Implementing a mobile strategy in the enterprise can be hard enough. But consider the challenges facing those brave public school districts looking to help prepare their students for the future by putting a tablet in the hands of every student: They need to manage, maintain, and monitor hundreds or thousands of devices for a constituency users who may be disinclined to follow best practices -- which is to say, children -- on a taxpayer-funded budget that could charitably be called "modest" at best.
That was what Robert Guritz, Director of Technology for the Bowling Green R-1 School District in northeast Missouri, was facing when, two and a half years ago, the school board voted to make achieving a 1:1 student/computer ratio a priority.
Like their colleagues at the Coachella Valley Unified School District, the Bowling Green school board aimed to empower teachers to prepare students with the skills they need to succeed in the 21st century, especially important in a rural area where a significant number of students don't have Internet access at home.
True confession: I never expected to fall in love with a "phablet"
In September 2012, the plan would start to become reality, as Bowling Green R-1 School District launched a pilot of its 1:1 tablet project, placing 250 Android tablets from Lenovo and Vizio in selected classrooms across its elementary, middle, and high schools.
But where Coachella Valley had millions of dollars from a bond measure to revamp its IT infrastructure ahead of purchasing an Apple iPad for every student and teacher, Bowling Green had to make its mobile initiative happen on a much stricter budget.
The plan wasn't to necessarily go the tablet route: Guritz and his team were charged with auditing everything from laptops to netbooks to eBook readers, spending "many months" trying to figure out the best way to balance cost against student learning potential. Lenovo offered to let the school district try its ten-inch ThinkPad tablets -- pre-loaded with QuickOffice productivity software, compatible with the district's printers, and available for less than $300 -- before a purchase, and they were off to the races.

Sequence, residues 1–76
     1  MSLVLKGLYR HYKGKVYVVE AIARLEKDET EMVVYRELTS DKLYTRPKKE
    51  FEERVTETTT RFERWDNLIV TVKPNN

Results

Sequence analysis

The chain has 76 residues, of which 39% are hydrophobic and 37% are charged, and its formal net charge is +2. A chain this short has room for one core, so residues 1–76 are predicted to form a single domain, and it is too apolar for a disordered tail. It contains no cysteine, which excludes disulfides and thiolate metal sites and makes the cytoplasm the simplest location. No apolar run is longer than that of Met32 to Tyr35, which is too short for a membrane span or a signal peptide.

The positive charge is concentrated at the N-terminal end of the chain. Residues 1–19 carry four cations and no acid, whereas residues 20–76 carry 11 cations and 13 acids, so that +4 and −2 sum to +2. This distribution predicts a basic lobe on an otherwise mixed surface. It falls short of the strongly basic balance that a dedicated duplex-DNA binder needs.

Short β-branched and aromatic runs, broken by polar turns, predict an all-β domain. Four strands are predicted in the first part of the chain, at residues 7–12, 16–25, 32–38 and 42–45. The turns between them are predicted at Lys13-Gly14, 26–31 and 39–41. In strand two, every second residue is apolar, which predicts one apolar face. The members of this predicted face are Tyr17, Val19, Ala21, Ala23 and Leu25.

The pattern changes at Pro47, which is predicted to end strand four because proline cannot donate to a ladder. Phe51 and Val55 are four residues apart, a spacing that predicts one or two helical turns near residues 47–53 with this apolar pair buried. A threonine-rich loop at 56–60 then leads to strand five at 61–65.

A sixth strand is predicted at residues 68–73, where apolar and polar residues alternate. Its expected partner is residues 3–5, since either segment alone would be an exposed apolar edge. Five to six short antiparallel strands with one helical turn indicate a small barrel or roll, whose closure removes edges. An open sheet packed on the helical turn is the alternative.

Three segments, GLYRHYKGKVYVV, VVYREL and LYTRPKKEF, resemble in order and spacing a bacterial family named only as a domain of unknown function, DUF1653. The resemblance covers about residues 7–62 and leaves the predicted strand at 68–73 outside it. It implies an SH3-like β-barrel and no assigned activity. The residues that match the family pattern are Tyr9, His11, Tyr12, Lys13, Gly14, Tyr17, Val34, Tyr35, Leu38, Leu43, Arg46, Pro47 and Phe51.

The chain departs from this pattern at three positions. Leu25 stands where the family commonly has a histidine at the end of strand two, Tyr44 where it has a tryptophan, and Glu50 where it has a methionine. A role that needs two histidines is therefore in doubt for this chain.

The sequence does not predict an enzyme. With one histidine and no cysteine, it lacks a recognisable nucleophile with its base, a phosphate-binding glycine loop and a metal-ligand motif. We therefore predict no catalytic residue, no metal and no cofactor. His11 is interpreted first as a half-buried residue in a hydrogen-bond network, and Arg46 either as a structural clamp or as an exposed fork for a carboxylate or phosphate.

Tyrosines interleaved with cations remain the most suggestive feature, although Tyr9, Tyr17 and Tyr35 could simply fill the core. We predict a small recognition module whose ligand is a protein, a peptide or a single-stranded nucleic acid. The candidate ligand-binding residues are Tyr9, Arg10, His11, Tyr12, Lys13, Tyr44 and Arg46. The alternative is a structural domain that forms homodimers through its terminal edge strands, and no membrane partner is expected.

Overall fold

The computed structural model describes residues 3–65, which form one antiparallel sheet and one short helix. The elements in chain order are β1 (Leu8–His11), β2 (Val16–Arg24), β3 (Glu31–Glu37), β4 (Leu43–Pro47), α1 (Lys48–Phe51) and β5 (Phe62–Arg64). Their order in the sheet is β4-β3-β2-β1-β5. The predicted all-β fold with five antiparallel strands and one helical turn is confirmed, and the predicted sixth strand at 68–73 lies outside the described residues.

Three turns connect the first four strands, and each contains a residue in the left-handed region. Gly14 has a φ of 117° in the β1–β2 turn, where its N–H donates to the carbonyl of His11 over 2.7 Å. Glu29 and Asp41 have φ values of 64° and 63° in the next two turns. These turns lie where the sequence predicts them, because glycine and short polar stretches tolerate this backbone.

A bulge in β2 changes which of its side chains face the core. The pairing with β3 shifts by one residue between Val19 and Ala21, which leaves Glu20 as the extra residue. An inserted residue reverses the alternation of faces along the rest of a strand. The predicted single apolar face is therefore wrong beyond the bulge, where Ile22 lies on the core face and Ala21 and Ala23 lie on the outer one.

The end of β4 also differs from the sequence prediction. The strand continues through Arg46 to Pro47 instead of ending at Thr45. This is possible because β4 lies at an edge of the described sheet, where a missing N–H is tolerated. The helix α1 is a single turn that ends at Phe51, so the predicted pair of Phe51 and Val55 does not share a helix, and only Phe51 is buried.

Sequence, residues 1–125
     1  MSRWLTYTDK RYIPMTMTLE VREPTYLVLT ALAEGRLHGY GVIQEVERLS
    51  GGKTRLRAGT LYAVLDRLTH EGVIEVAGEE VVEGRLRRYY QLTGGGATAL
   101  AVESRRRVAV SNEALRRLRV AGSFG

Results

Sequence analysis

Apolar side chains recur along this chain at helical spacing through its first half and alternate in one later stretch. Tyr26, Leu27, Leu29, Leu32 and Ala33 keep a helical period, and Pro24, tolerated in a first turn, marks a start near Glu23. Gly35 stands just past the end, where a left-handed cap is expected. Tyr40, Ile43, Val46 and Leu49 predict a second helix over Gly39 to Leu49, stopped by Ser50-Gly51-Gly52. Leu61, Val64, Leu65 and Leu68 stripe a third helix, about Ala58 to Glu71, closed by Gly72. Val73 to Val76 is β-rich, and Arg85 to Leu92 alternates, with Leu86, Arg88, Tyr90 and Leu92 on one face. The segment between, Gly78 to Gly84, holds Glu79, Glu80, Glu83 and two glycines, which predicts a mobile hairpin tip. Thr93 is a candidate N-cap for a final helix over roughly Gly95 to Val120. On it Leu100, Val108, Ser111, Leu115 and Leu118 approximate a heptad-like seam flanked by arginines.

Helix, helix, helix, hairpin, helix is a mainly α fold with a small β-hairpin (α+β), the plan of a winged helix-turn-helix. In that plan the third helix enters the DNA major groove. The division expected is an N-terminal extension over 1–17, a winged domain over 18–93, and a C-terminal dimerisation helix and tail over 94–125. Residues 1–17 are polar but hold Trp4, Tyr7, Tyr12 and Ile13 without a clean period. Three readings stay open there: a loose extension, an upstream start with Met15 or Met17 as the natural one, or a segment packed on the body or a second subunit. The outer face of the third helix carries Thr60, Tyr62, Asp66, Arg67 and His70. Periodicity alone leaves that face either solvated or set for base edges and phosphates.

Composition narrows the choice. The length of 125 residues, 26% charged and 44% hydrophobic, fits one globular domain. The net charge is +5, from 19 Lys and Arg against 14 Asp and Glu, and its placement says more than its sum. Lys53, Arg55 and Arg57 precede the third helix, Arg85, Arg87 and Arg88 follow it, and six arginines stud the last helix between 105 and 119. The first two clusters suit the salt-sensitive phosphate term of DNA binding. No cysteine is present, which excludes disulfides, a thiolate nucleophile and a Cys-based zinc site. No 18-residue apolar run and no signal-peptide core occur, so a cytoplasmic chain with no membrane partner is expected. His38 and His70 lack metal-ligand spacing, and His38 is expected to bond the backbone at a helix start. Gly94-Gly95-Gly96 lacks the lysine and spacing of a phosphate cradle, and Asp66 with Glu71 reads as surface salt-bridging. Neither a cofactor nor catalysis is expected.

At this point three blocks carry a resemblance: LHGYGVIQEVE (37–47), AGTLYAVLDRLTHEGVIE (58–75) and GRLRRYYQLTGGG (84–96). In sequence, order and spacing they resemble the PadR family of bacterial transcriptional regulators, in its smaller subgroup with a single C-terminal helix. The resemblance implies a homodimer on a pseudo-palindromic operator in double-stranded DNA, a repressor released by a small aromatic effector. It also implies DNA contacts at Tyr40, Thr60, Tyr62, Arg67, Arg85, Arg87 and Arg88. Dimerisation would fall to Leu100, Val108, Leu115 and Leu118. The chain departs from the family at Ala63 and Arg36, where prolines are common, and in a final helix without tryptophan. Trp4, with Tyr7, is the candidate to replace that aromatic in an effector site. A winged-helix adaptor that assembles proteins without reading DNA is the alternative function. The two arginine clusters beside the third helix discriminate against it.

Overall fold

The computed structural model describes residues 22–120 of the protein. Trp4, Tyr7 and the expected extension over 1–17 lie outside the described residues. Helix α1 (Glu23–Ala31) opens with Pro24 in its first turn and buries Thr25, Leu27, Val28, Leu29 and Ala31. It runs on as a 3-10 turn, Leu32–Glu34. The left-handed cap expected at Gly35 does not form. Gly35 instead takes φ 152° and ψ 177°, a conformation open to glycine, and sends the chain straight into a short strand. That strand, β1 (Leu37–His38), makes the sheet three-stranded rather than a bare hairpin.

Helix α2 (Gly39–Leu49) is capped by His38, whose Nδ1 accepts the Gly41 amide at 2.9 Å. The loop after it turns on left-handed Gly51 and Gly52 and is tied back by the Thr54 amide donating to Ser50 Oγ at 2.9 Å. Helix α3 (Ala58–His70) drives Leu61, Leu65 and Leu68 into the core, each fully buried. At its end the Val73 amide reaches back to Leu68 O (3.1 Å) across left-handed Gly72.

As for the all-important mobile management software, which enables administrators to maintain a watchful eye on what web content and apps students can use on these tablets, the process was similarly lengthy, but ultimately less stressful: Guritz says that he was tempted by offerings from LANdesk and Microsoft, but the price tag to implement them would have been too high, adding ten thousand dollars or more in costs just to administer those solutions.
Guritz has been using Novell products to build and manage the school district's network for sixteen years running, he says, and in the end, it just made more sense in terms of both time and money to go with Novell's ZENworks Mobile Management platform.
The choice to tap Novell ZENworks was only made at the end of the summer, with mere weeks remaining before the school year began. But Guritz says that with a little bit of hustle, he was able to enlist teachers to help configure the ThinkPad tablets, giving them the freedom of installing the necessary applications, and restricting the appropriate permissions (including, in most cases, the camera), with time to spare.
Bowling Green's tablet pilot program is relatively limited and mainly focused on the high school, as it stands today: Four of Bowling Green high school classrooms have a tablet for every chair, while four 7th grade teachers are sharing one classroom full of tablets. The elementary schools are participating as well, with some classrooms offering five tablets to share.